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I have a program (running on Windows) that I am developing that has a file and folder page as part of it that is effectively copying the Windows format. I allow users to copy, cut, paste, delete and rename files and folders.

My question relates to the situation when a file is pasted into a folder when there is already a file with the same name in the folder. Currently I display a simple message box:

A file called T already exists. Do you want to overwrite it?`

[Yes] [Yes to All] [No] [No to All] [Cancel]

This message box allows the user to select yes/no to all when copying in many files.

I have had requests for a rename option so I was considering something similar to the vista/win7 message:

There is already a file with the same name in this location.

Click the file you want to keep

[Copy and replace]

[Don't copy]

[Copy, but keep both files.]

(as shown on the link just below)

However I have read a few explanations/complaints (alright one) saying that it doesn't make much sense, is confusing and is not very user friendly, and I agree with what he is saying.

I have also considered another message box style: see image

but this feels really busy, and could require a second dialogue box to allow the rename.

Does anyone have any other/better ideas? Is there a good convention to stick to with this?

I think it's a case of giving too many options to some users and not enough to others.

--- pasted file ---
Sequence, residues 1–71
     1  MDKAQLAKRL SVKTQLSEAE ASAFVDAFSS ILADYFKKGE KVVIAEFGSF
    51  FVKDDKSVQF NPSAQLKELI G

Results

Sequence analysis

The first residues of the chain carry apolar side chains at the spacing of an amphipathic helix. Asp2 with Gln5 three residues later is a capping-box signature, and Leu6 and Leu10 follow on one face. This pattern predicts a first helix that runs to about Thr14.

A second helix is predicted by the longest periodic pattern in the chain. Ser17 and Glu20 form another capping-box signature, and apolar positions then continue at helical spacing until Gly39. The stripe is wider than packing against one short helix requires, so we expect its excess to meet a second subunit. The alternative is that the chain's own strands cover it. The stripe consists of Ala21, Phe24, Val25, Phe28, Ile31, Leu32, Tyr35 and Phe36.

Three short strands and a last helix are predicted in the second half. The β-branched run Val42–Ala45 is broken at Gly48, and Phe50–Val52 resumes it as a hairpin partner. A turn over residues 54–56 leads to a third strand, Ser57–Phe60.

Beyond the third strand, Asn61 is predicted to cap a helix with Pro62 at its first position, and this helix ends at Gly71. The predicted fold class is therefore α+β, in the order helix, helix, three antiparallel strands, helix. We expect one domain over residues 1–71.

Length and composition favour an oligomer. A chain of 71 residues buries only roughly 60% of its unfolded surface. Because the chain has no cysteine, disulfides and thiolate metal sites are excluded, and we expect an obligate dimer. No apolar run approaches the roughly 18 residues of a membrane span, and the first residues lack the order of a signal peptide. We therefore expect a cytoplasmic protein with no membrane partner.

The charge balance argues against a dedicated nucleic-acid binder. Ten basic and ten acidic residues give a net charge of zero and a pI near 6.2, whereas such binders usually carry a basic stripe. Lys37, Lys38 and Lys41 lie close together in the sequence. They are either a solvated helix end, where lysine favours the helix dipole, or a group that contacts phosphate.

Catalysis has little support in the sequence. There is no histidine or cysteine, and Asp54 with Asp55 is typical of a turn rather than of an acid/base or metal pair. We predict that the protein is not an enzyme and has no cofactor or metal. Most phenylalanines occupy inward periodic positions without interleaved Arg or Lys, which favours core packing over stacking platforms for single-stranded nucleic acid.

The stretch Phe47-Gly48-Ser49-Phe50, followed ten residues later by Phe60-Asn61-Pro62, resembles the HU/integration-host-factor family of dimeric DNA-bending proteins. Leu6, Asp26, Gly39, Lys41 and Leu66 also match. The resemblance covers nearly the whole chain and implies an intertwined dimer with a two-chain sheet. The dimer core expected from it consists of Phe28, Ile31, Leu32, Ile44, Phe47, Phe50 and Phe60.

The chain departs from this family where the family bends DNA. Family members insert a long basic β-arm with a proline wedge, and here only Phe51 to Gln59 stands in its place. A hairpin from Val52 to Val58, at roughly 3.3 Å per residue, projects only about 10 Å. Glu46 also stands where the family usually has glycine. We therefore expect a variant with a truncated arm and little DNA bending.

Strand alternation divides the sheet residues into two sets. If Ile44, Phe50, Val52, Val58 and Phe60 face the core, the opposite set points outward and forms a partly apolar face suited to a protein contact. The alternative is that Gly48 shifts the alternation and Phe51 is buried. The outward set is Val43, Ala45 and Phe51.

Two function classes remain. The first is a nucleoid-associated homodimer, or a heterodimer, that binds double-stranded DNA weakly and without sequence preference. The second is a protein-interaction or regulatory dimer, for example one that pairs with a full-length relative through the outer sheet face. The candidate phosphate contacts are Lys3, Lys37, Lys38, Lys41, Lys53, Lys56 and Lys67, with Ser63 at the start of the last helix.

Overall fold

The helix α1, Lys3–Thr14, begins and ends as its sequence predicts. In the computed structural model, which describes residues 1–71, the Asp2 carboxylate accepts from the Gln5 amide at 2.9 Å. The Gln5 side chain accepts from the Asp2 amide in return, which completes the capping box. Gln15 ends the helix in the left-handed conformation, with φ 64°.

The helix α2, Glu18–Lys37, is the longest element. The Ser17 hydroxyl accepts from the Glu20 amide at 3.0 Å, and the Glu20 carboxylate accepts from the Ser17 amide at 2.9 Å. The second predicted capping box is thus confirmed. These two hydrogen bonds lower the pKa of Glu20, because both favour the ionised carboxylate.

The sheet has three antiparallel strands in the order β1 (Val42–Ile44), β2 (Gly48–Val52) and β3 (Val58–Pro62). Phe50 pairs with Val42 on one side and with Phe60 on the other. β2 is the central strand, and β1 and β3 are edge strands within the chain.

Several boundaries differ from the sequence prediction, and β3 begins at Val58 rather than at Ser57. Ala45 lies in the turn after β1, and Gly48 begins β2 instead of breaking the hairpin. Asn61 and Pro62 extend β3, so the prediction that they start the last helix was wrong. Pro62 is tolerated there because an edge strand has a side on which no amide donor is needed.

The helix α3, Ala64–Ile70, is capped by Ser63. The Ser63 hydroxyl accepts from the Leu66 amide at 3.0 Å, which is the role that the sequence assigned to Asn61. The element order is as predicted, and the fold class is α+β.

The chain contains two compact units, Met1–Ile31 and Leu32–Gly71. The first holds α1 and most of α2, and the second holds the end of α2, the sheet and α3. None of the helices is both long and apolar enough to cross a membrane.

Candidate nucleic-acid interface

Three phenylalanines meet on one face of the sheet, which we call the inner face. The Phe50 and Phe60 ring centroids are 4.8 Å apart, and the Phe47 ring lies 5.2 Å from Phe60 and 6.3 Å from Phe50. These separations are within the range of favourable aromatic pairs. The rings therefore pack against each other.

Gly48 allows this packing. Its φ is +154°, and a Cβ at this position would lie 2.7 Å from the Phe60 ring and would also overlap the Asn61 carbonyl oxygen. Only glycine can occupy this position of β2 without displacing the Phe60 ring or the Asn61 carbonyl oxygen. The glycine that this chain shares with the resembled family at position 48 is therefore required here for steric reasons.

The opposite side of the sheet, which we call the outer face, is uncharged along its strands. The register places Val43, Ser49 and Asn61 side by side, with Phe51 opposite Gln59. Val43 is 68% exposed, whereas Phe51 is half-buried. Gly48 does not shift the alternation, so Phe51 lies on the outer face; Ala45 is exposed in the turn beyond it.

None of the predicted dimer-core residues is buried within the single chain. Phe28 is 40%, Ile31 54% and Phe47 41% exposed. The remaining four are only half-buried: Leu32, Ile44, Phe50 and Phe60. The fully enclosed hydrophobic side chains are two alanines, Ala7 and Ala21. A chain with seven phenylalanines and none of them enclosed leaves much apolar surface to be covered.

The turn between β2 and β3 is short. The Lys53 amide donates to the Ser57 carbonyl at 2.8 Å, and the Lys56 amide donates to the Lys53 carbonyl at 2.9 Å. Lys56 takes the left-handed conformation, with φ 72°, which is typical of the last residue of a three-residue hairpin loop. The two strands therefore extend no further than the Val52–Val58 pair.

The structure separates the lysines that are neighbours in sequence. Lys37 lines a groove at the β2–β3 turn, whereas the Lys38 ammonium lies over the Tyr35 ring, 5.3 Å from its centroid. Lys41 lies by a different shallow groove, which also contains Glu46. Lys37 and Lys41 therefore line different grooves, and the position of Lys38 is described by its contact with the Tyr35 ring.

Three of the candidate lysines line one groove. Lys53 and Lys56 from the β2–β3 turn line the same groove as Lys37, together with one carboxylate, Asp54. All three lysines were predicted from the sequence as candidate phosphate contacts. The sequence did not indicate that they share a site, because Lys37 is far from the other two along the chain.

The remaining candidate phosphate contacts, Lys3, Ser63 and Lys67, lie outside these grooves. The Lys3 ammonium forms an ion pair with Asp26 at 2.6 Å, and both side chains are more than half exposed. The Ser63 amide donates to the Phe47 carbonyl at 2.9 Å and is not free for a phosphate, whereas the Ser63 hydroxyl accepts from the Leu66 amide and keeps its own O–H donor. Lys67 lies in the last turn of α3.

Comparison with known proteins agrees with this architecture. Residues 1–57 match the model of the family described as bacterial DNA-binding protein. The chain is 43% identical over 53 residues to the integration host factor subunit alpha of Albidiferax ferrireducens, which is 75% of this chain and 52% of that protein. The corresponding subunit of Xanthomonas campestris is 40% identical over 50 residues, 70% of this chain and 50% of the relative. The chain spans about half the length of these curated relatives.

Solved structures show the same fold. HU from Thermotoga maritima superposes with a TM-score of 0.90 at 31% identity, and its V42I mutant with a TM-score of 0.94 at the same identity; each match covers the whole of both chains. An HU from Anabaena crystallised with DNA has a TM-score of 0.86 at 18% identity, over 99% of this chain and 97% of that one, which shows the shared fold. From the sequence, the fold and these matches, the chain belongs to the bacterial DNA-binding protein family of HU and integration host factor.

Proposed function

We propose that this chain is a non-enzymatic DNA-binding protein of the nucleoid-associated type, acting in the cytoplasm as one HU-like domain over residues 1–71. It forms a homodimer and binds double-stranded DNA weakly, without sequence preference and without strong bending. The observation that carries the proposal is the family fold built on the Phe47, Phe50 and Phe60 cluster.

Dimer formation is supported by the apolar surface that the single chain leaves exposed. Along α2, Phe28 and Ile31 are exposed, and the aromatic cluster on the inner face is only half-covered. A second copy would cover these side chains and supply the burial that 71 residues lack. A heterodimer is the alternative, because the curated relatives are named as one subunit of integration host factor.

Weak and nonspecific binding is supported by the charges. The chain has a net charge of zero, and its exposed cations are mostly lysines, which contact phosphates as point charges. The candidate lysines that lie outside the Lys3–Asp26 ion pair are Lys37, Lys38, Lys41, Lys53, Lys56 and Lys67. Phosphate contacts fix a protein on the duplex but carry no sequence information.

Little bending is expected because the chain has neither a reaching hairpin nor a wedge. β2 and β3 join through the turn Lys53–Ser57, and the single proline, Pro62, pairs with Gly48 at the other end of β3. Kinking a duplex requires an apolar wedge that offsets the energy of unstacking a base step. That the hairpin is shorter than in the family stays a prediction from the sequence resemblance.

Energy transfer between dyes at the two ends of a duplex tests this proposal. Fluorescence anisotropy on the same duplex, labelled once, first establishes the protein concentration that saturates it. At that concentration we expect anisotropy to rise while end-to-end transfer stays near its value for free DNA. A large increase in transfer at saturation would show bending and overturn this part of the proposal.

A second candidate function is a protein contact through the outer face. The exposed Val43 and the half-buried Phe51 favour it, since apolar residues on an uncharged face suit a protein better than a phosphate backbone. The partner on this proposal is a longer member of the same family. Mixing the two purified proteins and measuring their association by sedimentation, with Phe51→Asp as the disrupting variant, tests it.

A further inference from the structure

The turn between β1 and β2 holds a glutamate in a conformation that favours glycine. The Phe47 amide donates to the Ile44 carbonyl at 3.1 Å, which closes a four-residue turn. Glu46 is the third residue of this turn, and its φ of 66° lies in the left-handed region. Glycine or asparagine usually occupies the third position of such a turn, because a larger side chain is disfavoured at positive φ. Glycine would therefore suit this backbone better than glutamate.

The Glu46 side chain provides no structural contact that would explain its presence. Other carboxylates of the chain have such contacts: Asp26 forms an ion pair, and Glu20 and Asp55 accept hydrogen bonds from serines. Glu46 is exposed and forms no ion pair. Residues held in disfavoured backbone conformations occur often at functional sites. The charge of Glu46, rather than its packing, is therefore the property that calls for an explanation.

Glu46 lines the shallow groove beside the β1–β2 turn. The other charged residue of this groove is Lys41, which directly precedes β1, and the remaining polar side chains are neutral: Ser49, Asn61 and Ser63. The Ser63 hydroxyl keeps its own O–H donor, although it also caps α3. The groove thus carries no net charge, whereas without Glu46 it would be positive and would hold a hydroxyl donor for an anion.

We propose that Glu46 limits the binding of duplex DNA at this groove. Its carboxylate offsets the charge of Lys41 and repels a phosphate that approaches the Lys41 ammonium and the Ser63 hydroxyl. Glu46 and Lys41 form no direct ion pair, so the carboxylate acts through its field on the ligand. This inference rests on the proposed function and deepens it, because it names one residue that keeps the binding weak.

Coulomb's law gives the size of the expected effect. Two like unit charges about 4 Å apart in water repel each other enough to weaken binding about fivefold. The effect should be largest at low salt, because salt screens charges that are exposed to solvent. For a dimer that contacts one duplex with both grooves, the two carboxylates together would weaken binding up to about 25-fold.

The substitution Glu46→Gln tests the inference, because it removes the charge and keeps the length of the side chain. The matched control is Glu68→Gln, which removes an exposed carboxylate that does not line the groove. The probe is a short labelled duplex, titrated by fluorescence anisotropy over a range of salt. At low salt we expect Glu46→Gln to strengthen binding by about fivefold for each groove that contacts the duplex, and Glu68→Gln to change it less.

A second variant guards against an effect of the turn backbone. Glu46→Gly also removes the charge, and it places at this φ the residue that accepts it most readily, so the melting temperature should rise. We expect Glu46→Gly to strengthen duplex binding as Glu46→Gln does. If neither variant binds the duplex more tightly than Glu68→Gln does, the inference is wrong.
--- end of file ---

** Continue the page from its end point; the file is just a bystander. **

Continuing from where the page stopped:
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1 Answer

up vote 1 down vote accepted

Look at how it's done in Windows 8: http://www.youtube.com/watch?v=7-GS-IP2Icg&feature=player_detailpage#t=90s

Also here: http://blogs.msdn.com/b/b8/archive/2011/08/26/designing-the-windows-8-file-name-collision-experience.aspx

Personally, I had something like this: http://screencast.com/t/APu53mhb

My solution was concentrating on the operation / action between the two files (that is, the arrows), as it's the operation which changes, not the files.

But in overall, read the comments there, check a win8 preview, it's far better than what we had before.

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The Windows 8 method looks well thought through, simple and intuitive. However as an additional thought, the program is used by users on XP PCs. Is it appropriate to use a Windows 8 (or even 7) style utility on XP? –  jonowatkins Jul 30 '12 at 8:20
    
I'd say yes, as it's much more intuitive and easier to handle than what you came up with, if you allow me this opinion - it's not you who did it wrong, but what total commander does is just simply unintuitive and "geeky" –  Aadaam Jul 30 '12 at 13:26
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